When to use a Foam Fire Extinguisher

When to use a Foam Fire Extinguisher

When it comes to choosing a fire extinguisher you need to assess the type of fire risks present and compare these risks with the fire suppressant properties of the different types of fire extinguisher available. Foam fire extinguishers are increasingly popular and are now available in a wide range of sizes to suit a variety of applications.

Foam Fire extinguisher

When applied to a fire, an Aqueous Film Forming Foam fire extinguisher- to give them their full name- forms a film of non-combustible chemical between the combustible material and the oxygen in the air. Without oxygen the fire cannot burn and is extinguished. The Foaming agent is normally suspended in water making them effective on Class A combustible solids like wood, paper and fabrics, however they have a major advantage over water only extinguishers in their ability to extinguish Class B flammable liquid fires, typically petrol, diesel, paints and solvents. Unlike water the foam “floats” on top of these fuels maintaining the oxygen barrier and smothering the fire under the blanket of foam.

This versatility makes a foam fire extinguisher a good choice for garages and petrol station forecourts and in industrial premises that store of use flammable hydrocarbon fuels and chemicals. There are chemical variations within the broad description of Foam extinguishers to tackle specific fire risks, notably the ABF foams that offer an alternative to a Wet Chemical fire extinguisher for cooking oil and fat fires. Foam extinguishers have the added advantages that they do not leave a heavy residue like say the dry powder alternatives and the extinguishers themselves are also lighter to handle than water equivalents.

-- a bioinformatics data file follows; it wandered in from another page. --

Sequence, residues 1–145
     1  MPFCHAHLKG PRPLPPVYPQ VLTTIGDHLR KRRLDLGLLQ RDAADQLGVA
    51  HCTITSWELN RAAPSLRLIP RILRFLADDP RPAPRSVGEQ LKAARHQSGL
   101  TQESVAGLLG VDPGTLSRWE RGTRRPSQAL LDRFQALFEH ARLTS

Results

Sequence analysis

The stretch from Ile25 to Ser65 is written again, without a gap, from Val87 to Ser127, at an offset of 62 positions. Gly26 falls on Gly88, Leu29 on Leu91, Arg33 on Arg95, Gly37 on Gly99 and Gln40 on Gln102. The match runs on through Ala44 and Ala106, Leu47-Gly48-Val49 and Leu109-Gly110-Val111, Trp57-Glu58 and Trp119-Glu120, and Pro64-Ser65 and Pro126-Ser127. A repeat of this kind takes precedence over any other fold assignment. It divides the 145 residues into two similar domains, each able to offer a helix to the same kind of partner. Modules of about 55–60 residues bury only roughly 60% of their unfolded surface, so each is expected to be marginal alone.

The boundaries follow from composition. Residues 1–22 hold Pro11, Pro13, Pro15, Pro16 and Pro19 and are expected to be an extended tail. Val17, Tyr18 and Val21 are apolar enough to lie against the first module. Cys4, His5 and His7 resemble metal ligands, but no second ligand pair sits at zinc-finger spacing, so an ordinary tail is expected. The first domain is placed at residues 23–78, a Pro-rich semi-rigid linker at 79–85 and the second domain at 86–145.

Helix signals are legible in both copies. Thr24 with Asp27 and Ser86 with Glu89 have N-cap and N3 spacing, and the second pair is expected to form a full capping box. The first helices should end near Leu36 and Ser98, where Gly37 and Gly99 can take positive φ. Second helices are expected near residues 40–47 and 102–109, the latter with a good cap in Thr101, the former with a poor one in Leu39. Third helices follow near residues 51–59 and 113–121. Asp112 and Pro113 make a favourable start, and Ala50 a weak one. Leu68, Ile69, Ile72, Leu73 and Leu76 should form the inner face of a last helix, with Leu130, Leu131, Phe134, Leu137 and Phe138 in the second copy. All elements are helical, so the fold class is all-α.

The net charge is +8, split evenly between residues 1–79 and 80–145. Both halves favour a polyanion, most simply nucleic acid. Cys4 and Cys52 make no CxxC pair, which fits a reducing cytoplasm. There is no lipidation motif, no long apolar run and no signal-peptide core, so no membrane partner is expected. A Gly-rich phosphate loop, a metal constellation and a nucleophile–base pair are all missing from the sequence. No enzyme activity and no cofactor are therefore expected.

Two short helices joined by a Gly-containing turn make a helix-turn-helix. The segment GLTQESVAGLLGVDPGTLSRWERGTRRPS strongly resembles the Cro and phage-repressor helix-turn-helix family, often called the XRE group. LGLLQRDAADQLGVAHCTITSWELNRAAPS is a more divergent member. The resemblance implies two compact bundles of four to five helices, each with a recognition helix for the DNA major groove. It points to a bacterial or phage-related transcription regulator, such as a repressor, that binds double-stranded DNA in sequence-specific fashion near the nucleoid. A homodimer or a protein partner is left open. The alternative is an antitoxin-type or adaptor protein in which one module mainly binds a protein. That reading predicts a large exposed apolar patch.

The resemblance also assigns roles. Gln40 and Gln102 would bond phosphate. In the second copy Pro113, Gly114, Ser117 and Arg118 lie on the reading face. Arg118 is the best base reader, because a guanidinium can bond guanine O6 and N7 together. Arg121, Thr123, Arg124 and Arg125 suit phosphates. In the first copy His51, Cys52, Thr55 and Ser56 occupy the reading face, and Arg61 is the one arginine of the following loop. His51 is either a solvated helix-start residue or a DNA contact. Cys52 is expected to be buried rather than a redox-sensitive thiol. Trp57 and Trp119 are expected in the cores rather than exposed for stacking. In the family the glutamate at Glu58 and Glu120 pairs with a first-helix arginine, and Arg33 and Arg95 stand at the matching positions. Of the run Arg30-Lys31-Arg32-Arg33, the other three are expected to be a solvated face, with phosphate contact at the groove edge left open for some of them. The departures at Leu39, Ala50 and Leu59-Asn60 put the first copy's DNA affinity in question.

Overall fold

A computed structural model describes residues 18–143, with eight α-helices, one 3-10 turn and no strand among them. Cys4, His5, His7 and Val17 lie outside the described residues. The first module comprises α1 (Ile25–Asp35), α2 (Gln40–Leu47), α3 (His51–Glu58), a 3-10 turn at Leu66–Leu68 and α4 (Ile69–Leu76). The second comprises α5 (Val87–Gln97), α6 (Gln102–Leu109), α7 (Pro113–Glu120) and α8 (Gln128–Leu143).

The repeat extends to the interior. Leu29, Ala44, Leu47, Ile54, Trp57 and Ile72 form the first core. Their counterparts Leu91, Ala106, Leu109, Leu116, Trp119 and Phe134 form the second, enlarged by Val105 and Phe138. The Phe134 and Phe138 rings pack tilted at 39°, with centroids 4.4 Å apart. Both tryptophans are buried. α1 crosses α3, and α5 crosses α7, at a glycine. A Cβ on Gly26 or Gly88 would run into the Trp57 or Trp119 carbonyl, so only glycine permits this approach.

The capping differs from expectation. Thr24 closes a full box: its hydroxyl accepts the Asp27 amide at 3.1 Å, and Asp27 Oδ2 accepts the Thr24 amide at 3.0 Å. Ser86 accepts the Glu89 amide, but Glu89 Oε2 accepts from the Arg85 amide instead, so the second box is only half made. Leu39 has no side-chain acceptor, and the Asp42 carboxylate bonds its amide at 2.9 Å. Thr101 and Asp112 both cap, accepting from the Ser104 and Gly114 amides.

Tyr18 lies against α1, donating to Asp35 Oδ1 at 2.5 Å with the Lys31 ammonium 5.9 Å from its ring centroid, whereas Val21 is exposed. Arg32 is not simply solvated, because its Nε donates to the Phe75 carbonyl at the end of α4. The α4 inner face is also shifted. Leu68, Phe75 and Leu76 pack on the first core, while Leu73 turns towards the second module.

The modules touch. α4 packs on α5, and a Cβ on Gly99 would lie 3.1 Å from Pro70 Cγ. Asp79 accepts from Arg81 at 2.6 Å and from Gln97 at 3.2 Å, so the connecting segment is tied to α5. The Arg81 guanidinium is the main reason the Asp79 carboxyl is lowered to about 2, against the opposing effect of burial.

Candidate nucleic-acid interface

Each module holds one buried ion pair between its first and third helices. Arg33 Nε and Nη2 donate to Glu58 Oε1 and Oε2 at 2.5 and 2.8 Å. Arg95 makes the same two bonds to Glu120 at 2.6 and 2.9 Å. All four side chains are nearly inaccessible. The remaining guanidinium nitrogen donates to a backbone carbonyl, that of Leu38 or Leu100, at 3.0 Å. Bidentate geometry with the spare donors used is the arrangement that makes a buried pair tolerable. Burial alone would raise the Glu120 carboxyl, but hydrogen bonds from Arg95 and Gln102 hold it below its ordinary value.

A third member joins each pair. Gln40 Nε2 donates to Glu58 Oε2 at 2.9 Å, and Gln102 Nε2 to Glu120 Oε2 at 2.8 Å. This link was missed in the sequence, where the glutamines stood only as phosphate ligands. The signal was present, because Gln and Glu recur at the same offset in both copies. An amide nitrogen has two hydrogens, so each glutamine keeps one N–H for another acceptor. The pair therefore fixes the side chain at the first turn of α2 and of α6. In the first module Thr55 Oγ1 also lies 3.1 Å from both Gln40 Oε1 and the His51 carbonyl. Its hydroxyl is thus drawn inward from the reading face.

If your fire risk is predominantly solid combustibles such as paper files and flammable liquids are a minor factor in your operation you it is probably better and more economical to opt for a water fire extinguisher or water additive extinguisher backed up by a small 2kg dry powder. If you store flammable liquids or use them routinely in your work then foam is the answer as you have the added safeguard of its Class A rating.

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